One of the things that I have been reflecting on over my recent break is the respective priority of developing vision and structure in ministry organisations.
Around 20 years ago, Phillip Jensen developed the so-called Uluru church life-cycle model. Now, those outside of Australia may not understand this nickname. Essentially, Uluru is the name given to a large rock in central Australia that has a particular shape – as you can see in the picture. It is akin to what strategists describe as a life-cycle of any organisation (indeed, the same can be said to apply to people).
In 2001, George Bullard published a landmark work that researched the human characteristics that contribute to a church life-cycle. His insights, under God, help us to deepen our understanding of the development of churches, or even denominations.
Bullard identified four core principles. Vision (where are we going?) is about a shared and mutually owned understanding of direction. Relationships (who is going with us?) describe how a church sees new people join and existing people deepen their discipleship. Ministry (How do we get there?) describe ministry programs and activities that embody the vision of the church. And finally, Structures (what structures do we have and control?) are the systems that facilitate orderly decision making.
Downloading Bullard’s full paper is worthwhile to analyse your church or ministry using the life-cycle framework. He breaks up the cycle into 10 stages (from birth to death), with very helpful suggestions for each stage. Of course, it is critical to remember that God is in control of all things, and all human efforts can only happen under God’s sovereign hand.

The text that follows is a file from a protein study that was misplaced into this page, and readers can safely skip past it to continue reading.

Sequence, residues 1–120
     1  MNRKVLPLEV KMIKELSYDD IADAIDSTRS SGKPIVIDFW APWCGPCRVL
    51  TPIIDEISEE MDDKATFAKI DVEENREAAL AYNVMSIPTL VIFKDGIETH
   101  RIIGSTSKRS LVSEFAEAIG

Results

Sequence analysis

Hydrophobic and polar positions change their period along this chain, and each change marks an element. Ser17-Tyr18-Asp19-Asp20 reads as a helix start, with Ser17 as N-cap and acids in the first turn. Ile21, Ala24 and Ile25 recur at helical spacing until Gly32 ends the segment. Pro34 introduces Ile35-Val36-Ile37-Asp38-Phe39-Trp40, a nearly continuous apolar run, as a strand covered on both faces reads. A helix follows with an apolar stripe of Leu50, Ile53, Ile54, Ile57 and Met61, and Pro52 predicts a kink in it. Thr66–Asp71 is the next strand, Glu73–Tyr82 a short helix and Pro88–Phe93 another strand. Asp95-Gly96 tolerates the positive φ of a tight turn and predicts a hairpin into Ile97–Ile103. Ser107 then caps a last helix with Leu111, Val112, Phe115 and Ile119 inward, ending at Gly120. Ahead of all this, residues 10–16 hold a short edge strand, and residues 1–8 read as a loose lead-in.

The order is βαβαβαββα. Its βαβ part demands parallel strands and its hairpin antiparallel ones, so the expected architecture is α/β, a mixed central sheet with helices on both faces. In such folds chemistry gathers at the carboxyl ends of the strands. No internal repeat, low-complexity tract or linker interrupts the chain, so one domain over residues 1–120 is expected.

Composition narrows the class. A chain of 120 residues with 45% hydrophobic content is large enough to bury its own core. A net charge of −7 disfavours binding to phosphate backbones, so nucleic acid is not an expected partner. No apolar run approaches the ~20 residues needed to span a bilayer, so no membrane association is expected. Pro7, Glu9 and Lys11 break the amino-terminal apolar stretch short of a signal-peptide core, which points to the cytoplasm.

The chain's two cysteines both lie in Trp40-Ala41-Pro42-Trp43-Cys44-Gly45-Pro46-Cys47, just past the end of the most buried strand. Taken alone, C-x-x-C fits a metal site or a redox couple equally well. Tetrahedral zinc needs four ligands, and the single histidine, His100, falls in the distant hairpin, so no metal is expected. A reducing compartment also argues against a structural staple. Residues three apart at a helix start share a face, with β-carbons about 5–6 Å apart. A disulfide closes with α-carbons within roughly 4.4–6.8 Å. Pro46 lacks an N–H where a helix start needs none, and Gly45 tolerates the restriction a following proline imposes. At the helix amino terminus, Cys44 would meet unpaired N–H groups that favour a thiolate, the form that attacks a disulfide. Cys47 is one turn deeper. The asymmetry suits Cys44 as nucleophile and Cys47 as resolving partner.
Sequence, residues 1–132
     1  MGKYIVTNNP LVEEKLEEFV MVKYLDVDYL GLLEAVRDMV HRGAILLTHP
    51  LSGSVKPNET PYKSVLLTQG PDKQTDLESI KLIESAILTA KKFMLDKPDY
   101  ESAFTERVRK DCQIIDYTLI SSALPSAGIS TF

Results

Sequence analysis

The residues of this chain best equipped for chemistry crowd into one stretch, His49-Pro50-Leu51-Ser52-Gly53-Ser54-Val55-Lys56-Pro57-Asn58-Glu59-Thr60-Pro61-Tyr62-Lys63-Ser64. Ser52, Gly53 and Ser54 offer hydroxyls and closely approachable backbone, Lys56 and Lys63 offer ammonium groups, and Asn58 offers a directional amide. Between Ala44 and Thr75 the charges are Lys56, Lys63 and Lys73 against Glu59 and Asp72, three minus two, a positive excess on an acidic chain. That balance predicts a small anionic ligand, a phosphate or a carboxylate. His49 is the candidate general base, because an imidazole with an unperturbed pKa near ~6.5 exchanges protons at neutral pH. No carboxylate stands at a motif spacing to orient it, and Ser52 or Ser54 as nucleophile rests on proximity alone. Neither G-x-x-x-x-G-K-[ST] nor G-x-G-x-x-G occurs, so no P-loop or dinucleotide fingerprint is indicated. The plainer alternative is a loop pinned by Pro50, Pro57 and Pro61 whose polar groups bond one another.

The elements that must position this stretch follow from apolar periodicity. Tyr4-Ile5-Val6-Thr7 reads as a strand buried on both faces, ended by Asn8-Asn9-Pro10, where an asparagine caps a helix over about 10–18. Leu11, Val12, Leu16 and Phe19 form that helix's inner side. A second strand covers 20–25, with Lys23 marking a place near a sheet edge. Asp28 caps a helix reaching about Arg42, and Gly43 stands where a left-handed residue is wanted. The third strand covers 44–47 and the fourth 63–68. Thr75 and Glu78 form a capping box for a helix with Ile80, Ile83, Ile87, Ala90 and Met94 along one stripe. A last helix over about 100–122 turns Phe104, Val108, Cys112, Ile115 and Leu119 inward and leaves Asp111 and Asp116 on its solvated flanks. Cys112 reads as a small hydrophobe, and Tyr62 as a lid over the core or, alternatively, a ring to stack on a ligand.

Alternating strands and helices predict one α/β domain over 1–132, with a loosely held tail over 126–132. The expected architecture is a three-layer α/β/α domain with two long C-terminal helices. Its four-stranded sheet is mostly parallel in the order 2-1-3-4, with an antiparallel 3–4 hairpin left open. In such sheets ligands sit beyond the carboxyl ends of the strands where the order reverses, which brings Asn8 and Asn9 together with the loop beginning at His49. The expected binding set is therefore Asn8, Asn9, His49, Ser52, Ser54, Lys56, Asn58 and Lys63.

The diagram summarises the prominence of each of the four different core principles at each phase on the life cycle. A capital letter indicates that the principle is in the foreground. A lower case letter indicates that it has taken a back seat.
At the risk of over simplification, in the ascendency phases, a church or organisation is driven by Vision and Relationships. You can often see this in a start-up or new church plant. The energy is driven by the vision, even if all of the structures have not been worked out. Indeed, in the very early stages, it can be somewhat chaotic. People don’t know who to talk to about what. There is so much happening, and there is the lack of a structure to keep on top of it all. Yet, the energy of the underlying vision, under God, is very powerful.
Conversely, in the decline phases, the drive is Ministry programs and Structures. The focus of energy is in maintaining programs, even if those programs have become disconnected from the vision. Even though the structures run well, vision is now assumed (or not mutually owned nor shared). People say that “we’ve tried that before”, innovation becomes lacking, risk taking dries up, and the status quo sets in.
One human lesson from Bullard’s analysis is the importance of being continually driven by vision. It takes on going energy, because of the reality that “vision leaks”. If you are interested, I have a questionnaire that can be used among your congregation to assist in diagnosing your current stage. The combined perception of where your energy is being deployed can be a powerful diagnostic tool.